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Business
8:47 am
Tue August 14, 2012

Abandoned rail line may become an Eastside bike trail

Bicyclists hope that a new bike trail like the Burke-Gilman Trail (pictured) will be created along the old rail line from Renton to Woodinville
kingcountyparks

The dream of a bike trail stretching from Renton to Woodinville has moved one step closer to a reality. The Port of Seattle commission today voted to approve a $15 million sale of former rail land to King County.

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Business
5:00 am
Mon August 13, 2012

Puget Sound economy bouncing back faster than the U.S.

There have been a few glimmers of hope lately for the U.S. economy, such as a better-than-expected jobs report. But local economist Dick Conway  says there’s even more reason for optimism for the Puget Sound region. 

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Business
8:42 am
Wed August 8, 2012

New mini-city to rise on site of Yesler Terrace housing project?

Rowhouses like these at the Yesler Terrace public housing project are slated to be torn down and replaced with a much bigger mixed-income development
Ashley Gross KPLU

Big changes are likely in store for Seattle’s oldest public housing project. A total overhaul of Yesler Terrace, just up the hill from downtown, will create a mini-city of high-rise apartments and an office tower. The Seattle city council on Wednesday is holding its last public hearing on the redevelopment of Yesler Terrace. 

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Author interview
5:00 am
Mon August 6, 2012

5 things great bosses know

What does it take to become the world's best boss? One thing it takes is knowing your evil twin.
Kumar Appaiah Flickr

Jill Geisler became a TV news director at the age of 27. She didn't know a whole lot about managing people, and she had to learn by trial and error. Now, Geisler is a leadership trainer with a new book out on how to inspire and motivate staff. It's called “Work Happy: What Great Bosses Know.”

In her interview with KPLU, Geisler put forth five strategies for becoming a better boss:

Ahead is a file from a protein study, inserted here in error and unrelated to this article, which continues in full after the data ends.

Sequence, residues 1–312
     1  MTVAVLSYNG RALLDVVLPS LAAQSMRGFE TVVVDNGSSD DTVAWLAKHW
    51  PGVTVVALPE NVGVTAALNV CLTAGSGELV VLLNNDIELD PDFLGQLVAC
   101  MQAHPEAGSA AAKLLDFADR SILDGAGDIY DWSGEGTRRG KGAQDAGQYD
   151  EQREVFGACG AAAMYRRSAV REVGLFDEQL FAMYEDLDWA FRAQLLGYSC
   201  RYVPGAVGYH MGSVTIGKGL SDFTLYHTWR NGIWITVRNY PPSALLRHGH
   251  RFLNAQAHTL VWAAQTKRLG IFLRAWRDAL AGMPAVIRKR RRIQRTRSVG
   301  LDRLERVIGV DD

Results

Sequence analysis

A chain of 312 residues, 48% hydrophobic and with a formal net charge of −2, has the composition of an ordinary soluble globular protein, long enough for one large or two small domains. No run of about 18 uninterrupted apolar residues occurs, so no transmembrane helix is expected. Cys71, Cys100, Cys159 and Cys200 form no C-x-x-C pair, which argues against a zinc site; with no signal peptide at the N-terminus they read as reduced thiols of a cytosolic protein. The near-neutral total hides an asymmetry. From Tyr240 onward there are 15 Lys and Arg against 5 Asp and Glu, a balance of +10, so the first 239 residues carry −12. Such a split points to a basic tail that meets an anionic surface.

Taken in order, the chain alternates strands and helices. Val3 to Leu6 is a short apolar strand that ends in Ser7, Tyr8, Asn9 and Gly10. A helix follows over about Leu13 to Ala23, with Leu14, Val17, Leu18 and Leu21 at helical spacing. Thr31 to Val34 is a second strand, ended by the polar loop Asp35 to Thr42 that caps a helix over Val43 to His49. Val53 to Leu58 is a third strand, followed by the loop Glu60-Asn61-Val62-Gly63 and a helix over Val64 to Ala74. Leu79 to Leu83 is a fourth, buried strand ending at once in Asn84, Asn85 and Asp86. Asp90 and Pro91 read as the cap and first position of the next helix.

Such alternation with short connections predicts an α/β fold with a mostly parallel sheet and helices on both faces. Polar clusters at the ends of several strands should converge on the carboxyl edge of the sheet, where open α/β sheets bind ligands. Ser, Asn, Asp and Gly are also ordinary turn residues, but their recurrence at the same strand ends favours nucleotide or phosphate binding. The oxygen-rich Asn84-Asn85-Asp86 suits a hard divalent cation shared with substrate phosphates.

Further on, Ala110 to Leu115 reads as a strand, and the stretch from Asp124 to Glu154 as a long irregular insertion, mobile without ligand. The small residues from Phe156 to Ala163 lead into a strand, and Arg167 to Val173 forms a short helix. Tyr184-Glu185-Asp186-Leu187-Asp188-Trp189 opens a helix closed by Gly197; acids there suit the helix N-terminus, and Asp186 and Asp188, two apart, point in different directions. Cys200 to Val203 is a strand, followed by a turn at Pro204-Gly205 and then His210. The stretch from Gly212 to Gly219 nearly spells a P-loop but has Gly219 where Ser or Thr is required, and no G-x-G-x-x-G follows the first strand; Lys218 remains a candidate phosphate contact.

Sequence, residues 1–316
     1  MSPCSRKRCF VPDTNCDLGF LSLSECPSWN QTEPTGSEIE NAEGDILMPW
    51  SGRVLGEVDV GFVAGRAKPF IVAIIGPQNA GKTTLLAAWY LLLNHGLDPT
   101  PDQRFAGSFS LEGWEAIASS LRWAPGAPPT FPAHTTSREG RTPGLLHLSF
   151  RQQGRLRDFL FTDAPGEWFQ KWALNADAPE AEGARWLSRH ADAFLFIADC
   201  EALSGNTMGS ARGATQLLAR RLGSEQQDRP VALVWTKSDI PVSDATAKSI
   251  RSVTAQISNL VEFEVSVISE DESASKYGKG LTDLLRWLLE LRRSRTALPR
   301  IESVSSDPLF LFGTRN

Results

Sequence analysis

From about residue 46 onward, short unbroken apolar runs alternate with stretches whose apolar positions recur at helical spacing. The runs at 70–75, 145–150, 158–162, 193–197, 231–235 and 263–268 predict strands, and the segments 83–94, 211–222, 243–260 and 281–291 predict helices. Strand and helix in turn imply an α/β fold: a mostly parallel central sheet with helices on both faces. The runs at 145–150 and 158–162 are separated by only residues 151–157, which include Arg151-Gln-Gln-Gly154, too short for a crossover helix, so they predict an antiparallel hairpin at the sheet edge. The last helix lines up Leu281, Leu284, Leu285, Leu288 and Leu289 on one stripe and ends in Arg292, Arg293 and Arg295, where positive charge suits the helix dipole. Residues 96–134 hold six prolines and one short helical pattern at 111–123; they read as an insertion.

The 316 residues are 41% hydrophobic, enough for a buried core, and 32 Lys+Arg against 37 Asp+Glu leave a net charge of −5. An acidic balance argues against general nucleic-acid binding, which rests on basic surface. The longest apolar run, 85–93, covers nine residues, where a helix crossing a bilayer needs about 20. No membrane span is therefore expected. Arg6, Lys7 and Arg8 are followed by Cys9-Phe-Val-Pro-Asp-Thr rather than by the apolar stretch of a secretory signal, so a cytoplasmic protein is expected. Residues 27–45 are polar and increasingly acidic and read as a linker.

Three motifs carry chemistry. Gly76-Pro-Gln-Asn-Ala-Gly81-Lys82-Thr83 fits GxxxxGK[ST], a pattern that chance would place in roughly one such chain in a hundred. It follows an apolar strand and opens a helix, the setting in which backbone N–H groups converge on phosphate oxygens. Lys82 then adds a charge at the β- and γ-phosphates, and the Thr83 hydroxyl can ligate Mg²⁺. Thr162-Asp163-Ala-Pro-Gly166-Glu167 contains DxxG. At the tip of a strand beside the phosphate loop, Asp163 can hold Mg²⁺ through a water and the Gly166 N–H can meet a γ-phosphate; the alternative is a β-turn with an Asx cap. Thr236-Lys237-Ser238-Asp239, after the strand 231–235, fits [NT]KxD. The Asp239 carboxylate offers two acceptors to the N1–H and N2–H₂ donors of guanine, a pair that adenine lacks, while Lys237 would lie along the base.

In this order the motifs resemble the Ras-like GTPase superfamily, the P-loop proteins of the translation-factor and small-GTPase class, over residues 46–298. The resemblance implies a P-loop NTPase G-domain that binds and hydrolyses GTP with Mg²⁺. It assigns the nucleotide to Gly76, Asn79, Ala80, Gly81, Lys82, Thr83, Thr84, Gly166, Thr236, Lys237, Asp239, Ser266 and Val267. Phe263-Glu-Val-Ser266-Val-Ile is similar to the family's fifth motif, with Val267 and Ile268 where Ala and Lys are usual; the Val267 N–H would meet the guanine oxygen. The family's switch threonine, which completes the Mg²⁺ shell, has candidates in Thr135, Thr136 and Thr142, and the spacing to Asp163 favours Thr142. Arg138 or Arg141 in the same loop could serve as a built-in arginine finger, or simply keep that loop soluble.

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Garbage haulers strike
10:59 am
Thu August 2, 2012

Trash trucks rolling in Seattle; drivers approve contract

A Waste Management truck near Alki Beach in West Seattle
GAbriel Spitzer KPLU

Teamsters who drive yard waste and recycling trucks for Waste Management in the Seattle-Everett area of Washington have voted to accept a new contract.

Thursday's vote ends a strike that disrupted garbage pickups for more than a week.

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NBA Arena
5:35 pm
Mon July 30, 2012

King County approves arena deal; Seattle council expresses doubts

Supporters of the new NBA arena proposal at the King County Council meeting in which the council is scheduled to vote on the proposal.
Ashley Gross KPLU

The King County Council approved an agreement with the investors who want to build an NBA arena in the SoDo district of Seattle. The council voted 6-3 to ratify the "memorandum of understanding" and "interlocal agreement," documents which define the terms of the arena deal.

"There is intrinsic value in this arena," said county councilmember Julia Patterson. She added that she had voted against Seattle's other sports arenas in the past, when she was in the Washington State Legislature, but voted yes on this deal.

In opposition, councilman Pete von Reichbauer said transportation issues had not been resolved. 

"If you build it, they will come – they can't come if they're stuck in traffic," he said.